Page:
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Previously Published Works in a Dissertation or Thesis

Using your own previously published works: A guide

*Resources and Examples at the bottom.

As you begin work on your ETD, you may be tempted to use part or all of another related work you have previously published. Before you utilize the related work, you should remember to do three things:

  1. Check

First, you need to check whether you have the right to use the previously published work. You may be thinking “Well, I wrote it, so of course I have the right,” but that may not be the case if you published it previously. Before publishing your work, a publisher likely asked you to sign their publishing agreement that gives up some of your rights in your own work. In some cases, you may have given up everything! Every publishing agreement is different, so if you want to use your previously published work you should first check the agreement you signed to see just what rights you still have. Some publishing agreements may specifically allow for re-publication in a dissertation. Others may give you a certain time period before you can republish.

  1. Ask

Second. if you have co-written your published work, you may need to ask your co-authors first if it is okay to use the work in your dissertation.

  1. Cite

Finally, if you use your own previously published work, you must cite it. You should remember to first check your publishing agreement because it might specify the format of the citation. If your publishing agreement does not specify, please use a standard citation (APA, MLA, etc.). Not citing a work, even if it is your own, is a form of plagiarism that is unacceptable in academia.

What if I do not have permission to use my previously published works?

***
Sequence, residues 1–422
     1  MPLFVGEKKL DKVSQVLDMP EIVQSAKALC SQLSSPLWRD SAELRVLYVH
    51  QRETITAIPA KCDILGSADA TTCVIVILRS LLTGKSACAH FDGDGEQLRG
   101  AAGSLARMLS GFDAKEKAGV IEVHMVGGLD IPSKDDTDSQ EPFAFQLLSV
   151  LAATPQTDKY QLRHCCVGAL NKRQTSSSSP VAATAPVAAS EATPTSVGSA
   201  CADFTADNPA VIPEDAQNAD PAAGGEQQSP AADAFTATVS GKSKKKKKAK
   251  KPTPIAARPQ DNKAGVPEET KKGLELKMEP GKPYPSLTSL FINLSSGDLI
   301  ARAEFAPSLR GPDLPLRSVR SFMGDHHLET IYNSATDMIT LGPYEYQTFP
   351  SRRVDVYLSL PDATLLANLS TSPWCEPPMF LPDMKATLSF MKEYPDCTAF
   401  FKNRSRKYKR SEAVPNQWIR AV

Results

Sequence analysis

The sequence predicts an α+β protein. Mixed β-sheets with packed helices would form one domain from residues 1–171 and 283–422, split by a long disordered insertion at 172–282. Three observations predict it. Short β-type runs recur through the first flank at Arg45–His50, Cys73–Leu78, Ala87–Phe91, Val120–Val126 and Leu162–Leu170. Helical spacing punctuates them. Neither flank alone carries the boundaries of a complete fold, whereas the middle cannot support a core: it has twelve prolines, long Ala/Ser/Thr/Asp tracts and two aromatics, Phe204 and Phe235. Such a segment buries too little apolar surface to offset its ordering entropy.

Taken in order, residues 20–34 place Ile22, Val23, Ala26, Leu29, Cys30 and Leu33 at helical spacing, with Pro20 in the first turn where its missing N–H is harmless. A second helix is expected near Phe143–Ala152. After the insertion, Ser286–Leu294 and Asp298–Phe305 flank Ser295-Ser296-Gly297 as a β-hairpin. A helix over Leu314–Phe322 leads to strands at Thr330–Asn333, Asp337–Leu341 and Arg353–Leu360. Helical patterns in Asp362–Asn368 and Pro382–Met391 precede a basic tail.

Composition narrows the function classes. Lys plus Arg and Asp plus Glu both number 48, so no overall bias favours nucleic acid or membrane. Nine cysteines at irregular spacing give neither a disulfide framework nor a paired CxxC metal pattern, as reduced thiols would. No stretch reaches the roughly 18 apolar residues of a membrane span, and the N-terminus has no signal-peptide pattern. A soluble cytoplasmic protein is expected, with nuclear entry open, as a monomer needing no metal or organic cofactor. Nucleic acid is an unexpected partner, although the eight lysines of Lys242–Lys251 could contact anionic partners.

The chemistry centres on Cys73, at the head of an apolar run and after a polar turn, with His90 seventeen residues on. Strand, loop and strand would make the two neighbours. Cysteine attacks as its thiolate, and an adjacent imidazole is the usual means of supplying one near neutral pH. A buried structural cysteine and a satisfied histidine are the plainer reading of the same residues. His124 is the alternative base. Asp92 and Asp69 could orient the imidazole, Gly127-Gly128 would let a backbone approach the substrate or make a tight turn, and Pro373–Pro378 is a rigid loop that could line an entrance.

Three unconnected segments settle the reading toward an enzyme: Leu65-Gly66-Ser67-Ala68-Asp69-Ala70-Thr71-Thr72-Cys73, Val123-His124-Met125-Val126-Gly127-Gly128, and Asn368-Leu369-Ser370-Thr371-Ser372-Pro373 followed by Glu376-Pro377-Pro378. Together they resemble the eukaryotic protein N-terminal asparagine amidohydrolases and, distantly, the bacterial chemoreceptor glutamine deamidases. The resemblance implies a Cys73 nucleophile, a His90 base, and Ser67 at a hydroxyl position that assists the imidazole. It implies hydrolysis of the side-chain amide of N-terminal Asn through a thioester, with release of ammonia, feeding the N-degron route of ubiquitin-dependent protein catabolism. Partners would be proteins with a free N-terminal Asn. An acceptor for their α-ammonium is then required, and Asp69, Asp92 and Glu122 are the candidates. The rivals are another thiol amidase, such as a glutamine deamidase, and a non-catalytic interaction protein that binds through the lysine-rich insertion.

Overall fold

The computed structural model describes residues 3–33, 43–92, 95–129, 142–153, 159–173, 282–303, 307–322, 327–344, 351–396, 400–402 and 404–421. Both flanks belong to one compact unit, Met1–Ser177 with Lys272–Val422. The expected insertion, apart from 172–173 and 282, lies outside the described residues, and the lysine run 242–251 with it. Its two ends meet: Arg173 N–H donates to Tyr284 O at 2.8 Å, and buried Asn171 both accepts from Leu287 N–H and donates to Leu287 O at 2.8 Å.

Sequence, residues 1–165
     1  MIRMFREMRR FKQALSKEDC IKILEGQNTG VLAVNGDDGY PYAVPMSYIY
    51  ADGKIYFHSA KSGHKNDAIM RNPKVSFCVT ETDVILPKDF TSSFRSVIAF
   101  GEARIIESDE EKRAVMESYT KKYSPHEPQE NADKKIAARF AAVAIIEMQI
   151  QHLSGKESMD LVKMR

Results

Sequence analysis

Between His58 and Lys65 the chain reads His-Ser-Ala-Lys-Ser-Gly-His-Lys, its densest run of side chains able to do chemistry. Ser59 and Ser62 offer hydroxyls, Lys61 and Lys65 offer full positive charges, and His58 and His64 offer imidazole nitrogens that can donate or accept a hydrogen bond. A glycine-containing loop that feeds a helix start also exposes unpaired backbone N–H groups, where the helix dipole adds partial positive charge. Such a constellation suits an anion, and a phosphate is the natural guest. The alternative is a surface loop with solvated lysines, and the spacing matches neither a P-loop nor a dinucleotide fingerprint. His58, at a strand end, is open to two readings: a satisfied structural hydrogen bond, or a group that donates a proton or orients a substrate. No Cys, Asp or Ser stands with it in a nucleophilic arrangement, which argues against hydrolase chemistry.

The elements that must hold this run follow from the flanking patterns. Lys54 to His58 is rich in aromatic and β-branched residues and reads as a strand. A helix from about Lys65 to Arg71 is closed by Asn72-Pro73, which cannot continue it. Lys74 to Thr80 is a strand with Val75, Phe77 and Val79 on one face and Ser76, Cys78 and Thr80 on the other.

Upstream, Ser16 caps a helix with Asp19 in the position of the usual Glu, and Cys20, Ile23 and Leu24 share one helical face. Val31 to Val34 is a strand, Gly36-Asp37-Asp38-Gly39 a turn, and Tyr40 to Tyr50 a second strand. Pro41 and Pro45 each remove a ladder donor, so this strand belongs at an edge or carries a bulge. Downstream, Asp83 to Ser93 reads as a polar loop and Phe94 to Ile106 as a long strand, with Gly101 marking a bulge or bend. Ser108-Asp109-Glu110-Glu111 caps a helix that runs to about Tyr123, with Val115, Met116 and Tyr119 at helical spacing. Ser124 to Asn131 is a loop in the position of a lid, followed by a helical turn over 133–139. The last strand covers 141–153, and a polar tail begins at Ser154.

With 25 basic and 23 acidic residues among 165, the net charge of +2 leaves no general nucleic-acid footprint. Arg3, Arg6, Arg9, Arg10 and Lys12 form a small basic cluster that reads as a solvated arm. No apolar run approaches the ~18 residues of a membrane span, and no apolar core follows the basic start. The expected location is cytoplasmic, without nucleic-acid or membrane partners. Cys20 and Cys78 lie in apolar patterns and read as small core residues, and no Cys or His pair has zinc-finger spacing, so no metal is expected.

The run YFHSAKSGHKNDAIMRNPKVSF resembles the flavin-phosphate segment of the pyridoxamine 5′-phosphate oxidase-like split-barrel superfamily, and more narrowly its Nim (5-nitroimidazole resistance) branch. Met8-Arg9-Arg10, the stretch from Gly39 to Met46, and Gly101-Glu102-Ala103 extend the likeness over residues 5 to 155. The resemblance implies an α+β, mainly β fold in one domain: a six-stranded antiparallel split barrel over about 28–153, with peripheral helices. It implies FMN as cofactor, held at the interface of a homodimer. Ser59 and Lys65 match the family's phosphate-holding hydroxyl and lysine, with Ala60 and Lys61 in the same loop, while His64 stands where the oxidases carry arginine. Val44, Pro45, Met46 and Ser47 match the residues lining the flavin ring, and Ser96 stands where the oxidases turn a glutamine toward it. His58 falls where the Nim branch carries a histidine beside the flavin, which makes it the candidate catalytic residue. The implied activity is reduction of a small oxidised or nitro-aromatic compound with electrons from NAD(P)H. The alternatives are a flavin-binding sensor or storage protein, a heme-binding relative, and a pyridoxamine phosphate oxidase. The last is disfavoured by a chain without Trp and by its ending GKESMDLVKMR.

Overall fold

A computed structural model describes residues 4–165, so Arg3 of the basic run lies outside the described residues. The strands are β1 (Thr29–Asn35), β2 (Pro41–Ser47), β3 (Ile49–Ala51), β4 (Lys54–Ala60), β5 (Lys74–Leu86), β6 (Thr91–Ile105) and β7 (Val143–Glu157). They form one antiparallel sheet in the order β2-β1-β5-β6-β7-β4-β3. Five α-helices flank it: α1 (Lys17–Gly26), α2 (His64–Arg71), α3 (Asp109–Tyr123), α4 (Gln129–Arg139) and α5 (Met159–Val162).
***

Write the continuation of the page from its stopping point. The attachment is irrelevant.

First, you should try to get permission. Most journals provide contact information specifically for this purpose. Contact the journal or publisher and explain that you would like to use your work for a dissertation/thesis.  The journal or publisher may request that you only use a certain portion of your work, or place other restrictions on its use. If your publisher denies permission, you still have options. While what you published is copyrighted, the data behind your study is not. You could go back to your data and use it to rewrite some of your findings.  You can, of course, reference and cite your original work like any other. If you are going to rewrite some of your findings for your dissertation, be sure you do not express your ideas in the same way as in your original work. Think of how the West Side Story tells the same tale as Romeo and Juliet. Same story, different expression.

Next Steps:

After you have made sure that you have permission to use your previously published work, how do you proceed? We ask that you include a statement indicating the dissertation/thesis is based on a previously published work (i.e. journal article or conference proceeding) in full or in part should be provided on a separate page in the front of the document or essay, the dissertation/thesis.